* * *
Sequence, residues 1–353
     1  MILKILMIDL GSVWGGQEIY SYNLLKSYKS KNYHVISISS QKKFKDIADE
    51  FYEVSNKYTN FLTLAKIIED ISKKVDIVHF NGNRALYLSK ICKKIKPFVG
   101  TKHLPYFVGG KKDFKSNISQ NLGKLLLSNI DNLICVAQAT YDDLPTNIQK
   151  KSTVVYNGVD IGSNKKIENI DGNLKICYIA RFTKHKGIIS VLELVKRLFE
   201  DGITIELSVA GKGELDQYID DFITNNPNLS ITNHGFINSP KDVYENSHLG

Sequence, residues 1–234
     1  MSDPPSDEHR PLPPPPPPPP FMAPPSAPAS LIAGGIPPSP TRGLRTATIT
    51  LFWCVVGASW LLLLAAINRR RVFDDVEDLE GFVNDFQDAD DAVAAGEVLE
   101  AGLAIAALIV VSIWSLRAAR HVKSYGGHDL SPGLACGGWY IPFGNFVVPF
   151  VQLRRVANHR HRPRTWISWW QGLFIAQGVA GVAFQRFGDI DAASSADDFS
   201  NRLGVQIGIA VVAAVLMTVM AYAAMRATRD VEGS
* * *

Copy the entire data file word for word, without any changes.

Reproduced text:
Sequence, residues 1–353
     1  MILKILMIDL GSVWGGQEIY SYNLLKSYKS KNYHVISISS QKKFKDIADE
    51  FYEVSNKYTN FLTLAKIIED ISKKVDIVHF NGNRALYLSK ICKKIKPFVG
   101  TKHLPYFVGG KKDFKSNISQ NLGKLLLSNI DNLICVAQAT YDDLPTNIQK
   151  KSTVVYNGVD IGSNKKIENI DGNLKICYIA RFTKHKGIIS VLELVKRLFE
   201  DGITIELSVA GKGELDQYID DFITNNPNLS ITNHGFINSP KDVYENSHLG

Sequence, residues 1–234
     1  MSDPPSDEHR PLPPPPPPPP FMAPPSAPAS LIAGGIPPSP TRGLRTATIT
    51  LFWCVVGASW LLLLAAINRR RVFDDVEDLE GFVNDFQDAD DAVAAGEVLE
   101  AGLAIAALIV VSIWSLRAAR HVKSYGGHDL SPGLACGGWY IPFGNFVVPF
   151  VQLRRVANHR HRPRTWISWW QGLFIAQGVA GVAFQRFGDI DAASSADDFS
   201  NRLGVQIGIA VVAAVLMTVM AYAAMRATRD VEGS